snprintf(cIdBuf, sizeof(cIdBuf), "TP-%d", pTest->iMyId);

 // create a label widget instance 
 GtkWidget *pLabel = gtk_label_new(cIdBuf);

 // set the label to be visible

 // need to create a container to be able to set a border
 GtkWidget *p = gtk_event_box_new();

 // our widget doesn't have a window...
 // it is usually illegal to call gtk_widget_set_has_window() from application but for GtkEventBox it doesn't hurt
 gtk_widget_set_has_window(p, FALSE);

 // bind private structure to the widget assuming it should be freed using g_free()
 lxpanel_plugin_set_data(p, pTest, g_free);

 // set border width
 gtk_container_set_border_width(GTK_CONTAINER(p), 1);

 // add the label to the container
 gtk_container_add(GTK_CONTAINER(p), pLabel);

 // set the size we want
 gtk_widget_set_size_request(p, 40, 25);

 // success!!!
 return p;

Next step: define our plugin type name (test):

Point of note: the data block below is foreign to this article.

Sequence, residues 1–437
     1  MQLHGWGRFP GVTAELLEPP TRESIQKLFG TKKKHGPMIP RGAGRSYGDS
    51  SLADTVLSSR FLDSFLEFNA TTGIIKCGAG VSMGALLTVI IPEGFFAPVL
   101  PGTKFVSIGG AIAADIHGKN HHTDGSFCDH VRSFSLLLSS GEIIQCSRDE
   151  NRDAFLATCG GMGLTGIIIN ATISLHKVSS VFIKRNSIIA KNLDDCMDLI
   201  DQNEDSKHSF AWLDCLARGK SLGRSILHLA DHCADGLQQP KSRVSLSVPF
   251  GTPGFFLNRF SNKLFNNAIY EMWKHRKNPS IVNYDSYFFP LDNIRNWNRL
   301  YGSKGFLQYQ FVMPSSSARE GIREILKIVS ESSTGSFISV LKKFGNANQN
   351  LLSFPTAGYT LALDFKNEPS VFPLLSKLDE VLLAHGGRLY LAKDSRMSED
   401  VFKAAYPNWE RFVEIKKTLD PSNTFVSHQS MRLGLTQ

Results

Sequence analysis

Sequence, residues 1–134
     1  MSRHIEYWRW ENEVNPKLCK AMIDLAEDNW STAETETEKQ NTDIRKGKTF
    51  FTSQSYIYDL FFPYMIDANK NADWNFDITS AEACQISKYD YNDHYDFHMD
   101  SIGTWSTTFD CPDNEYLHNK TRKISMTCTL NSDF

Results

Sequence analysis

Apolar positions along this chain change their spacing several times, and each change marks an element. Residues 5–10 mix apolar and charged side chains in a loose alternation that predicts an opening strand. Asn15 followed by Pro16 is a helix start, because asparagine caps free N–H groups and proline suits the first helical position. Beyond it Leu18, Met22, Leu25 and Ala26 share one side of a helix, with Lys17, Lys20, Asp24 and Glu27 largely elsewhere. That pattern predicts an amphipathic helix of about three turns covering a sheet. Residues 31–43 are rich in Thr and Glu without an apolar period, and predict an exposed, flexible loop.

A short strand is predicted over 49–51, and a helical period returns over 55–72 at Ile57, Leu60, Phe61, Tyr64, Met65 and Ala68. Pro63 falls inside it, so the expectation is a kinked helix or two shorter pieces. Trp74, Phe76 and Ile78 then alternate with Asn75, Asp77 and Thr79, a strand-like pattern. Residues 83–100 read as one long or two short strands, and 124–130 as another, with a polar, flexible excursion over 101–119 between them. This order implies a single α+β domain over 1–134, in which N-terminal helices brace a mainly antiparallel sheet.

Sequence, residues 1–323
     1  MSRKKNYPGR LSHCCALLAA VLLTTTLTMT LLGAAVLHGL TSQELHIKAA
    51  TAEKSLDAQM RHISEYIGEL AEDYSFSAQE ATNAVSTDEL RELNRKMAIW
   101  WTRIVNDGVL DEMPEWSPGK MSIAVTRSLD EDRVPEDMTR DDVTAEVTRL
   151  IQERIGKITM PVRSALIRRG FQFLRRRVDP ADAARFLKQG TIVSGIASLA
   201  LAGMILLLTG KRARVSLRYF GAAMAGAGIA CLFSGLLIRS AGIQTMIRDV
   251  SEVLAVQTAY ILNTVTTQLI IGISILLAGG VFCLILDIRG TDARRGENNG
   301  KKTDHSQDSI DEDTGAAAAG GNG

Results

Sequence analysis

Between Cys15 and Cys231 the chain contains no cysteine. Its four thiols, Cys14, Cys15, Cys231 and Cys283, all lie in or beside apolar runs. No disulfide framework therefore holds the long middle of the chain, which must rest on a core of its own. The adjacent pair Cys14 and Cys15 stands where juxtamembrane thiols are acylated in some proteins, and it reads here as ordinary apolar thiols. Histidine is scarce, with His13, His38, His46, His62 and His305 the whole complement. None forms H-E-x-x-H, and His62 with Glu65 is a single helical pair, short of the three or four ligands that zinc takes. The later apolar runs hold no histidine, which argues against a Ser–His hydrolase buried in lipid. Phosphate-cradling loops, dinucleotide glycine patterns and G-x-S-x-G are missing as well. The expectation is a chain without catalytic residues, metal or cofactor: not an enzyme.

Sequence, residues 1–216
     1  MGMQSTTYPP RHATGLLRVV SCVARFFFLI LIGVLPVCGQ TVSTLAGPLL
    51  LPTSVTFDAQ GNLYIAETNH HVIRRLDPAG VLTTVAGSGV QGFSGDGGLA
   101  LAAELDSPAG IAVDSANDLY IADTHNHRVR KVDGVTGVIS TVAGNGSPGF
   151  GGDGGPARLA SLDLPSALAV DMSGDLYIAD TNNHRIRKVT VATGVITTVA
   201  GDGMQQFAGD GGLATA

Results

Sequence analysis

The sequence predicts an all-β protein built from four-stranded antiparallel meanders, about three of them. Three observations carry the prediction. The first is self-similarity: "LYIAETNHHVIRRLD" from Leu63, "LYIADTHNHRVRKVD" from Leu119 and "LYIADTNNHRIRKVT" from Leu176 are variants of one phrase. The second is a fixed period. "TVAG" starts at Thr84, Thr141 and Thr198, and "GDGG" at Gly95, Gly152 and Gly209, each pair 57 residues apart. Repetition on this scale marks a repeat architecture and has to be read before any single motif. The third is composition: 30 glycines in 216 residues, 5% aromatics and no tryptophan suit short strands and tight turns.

FM_DEFINE_MODULE(lxpanel_gtk, test)

Finally, let's define our plugin's LXPanelPluginInit structure (note that structure name fm_module_init_lxpanel_gtk is fixed and shouldn't be changed):

/* Plugin descriptor. */
LXPanelPluginInit fm_module_init_lxpanel_gtk = {
   .name = "TestPlugin",
   .description = "Run a test plugin.",

   // assigning our functions to provided pointers.
   .new_instance = test_constructor

That's it.

Notice that we did not provide an implementation for other callbacks. LXPanel is kind enough not to call any function that is not defined inside a plugin. Having said that, only mandatory settings in LXPanelPluginInit are 'name' and 'new_instance' so that the plugin can be represented in plugin selection dialog and can be created at all.

Now, let's try to make a shared library for our plugin (source saved as testplugin.c):

gcc -Wall `pkg-config --cflags gtk+-2.0 lxpanel` -shared -fPIC testplugin.c -o `pkg-config --libs lxpanel`

The above line uses gcc to compile testplugin.c into a shared object file named using pkg-config to provide C compiler flags and, at the end, library flags, required for lxpanel plugins.

After placing the resulting file in /usr/lib/lxpanel/plugins (the place may be different depending on your distro, look where LXPanel puts other dynamic plugins), restart the panel (using lxpanelctl restart), then right-click on the panel and attempt to add a plugin to the panel:


After adding two TestPlugins, the panel looks like this:


and panel preferences look like this:


Now go forth and plug-away!

See also